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Anish Sir Blog

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Thursday, 06 April 2017 03:06

A concrete approach to learning how to program

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WHAT'S THE DIFFERENCE BETWEEN A CODER, A HACKER, A PROGRAMMER, A DEVELOPER, AND A COMPUTER SCIENTIST?

These words might all mean the same thing to you. Perhaps you hear geek, nerd, and dweeb, but we all know these have very important differences. Knowing the differences also can give you a sense of how deep you want to go on your coding adventure.

  • Coders - Can pretty much figure out it. It'll work, but it won't be pretty.
  • Hackers - usually low level folks, skillful, with detailed understanding of some area deeply, often scarily deeply.
  • Programmer - Write code and understand algorithms. Often work alone and well.
  • Developer - Are the best generalists, can use lots of different systems and languages and get them to talk to each other. Are true and broad professionals, work with people, and communicate well.
  • Computer Scientist - Need to be able to prove how computers work, at a theoretical level. Are usually math people also.

If you are closer to one of these already you can get an idea of which direction to head.

ARE WE ASSUMING WEB PROGRAMMING?

Everyone on the thread assumed some kind of web programming, which makes sense, since nearly everyone's on the web in 2013. However, just a few years ago we might have sat our friend down and made a Hello World app at the console, or perhaps loaded up Visual Basic, dragged a button, and Message Box'ed Hello World.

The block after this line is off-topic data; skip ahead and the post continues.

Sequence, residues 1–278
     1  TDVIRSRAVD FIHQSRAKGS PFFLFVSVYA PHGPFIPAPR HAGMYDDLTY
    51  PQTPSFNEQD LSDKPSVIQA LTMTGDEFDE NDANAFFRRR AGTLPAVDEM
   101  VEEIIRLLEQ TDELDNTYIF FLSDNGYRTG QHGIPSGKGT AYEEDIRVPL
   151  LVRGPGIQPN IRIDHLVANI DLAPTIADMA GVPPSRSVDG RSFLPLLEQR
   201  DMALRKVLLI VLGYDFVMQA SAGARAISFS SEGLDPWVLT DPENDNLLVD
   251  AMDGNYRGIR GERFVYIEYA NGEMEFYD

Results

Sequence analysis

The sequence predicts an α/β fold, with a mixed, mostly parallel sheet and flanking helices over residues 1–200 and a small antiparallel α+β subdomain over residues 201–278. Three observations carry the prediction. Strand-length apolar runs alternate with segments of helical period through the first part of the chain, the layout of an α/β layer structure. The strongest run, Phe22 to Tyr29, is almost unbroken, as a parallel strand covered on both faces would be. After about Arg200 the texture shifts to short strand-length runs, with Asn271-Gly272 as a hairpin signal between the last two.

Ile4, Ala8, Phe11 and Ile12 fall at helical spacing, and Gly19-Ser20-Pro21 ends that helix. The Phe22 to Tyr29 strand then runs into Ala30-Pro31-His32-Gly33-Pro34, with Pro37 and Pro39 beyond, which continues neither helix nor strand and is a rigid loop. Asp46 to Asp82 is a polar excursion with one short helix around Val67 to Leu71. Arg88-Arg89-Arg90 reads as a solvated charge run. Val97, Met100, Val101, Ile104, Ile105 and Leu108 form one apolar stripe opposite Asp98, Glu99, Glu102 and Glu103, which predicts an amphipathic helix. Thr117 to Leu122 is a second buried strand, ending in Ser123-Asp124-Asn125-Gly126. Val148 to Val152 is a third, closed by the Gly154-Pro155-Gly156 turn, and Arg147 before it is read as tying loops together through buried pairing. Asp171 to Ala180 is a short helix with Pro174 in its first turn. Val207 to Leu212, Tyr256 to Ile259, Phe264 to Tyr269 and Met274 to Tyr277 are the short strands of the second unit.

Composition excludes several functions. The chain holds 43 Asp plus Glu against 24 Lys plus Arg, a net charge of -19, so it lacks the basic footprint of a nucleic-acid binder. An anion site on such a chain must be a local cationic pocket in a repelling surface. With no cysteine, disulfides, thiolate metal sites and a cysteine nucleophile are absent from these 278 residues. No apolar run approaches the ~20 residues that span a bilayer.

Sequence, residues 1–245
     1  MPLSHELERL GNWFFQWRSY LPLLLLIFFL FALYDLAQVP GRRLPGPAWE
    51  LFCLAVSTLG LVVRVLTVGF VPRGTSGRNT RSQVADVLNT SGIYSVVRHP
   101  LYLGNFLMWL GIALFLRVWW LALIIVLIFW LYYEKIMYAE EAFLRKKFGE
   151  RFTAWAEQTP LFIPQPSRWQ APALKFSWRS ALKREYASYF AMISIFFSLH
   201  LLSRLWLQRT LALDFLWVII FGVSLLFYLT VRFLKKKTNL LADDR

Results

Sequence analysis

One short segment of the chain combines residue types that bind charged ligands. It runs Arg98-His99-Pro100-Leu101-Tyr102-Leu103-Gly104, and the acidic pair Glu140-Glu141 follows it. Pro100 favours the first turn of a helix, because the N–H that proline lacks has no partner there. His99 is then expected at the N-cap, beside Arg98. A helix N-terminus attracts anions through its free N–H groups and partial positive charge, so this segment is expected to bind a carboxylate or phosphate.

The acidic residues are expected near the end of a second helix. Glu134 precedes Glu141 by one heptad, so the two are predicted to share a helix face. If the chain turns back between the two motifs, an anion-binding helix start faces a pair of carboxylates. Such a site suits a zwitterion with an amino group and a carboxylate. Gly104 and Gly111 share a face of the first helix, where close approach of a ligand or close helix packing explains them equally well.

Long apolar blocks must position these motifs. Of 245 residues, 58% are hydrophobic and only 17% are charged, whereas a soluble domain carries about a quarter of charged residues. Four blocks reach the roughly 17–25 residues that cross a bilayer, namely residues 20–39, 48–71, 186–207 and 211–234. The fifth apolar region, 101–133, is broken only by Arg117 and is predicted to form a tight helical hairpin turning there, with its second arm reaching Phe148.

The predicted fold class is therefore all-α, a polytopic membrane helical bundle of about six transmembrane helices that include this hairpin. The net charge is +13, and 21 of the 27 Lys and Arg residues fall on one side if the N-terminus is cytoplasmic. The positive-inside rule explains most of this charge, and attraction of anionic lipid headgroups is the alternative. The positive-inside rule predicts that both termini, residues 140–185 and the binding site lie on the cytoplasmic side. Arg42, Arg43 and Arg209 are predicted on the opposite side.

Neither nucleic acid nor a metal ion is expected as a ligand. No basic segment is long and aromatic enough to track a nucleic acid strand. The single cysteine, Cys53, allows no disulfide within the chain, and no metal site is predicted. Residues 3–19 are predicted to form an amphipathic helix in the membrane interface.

Is Markup Code? Lots of people said "learn HTML and CSS," but I don't think that's coding in the classical sense. As a gateway to JavaScript and Web Services, I think it's a good place to start. The thing is, though, that while not every app is a web application that makes HTML in a browser, most applications are connected applications in some way. Apps consume data from services, send notifications, texts, emails and tweets. Nearly every application is distributed in some way, even if it's just a simple app that calls a web server for some data.

If you want to be a coder today, or, let me go further and say if you want to be an effective coder, you will want understand the web and what really happens when you type twitter.com in your web browser. Just like you should understand how trees grow if you want to be a carpenter, how engines work if you want to be a race car driver, or where the water comes from if you want to be a plumber. Heck, you should really understand all of these things if you want to be an effective human. ;)

 

 

 

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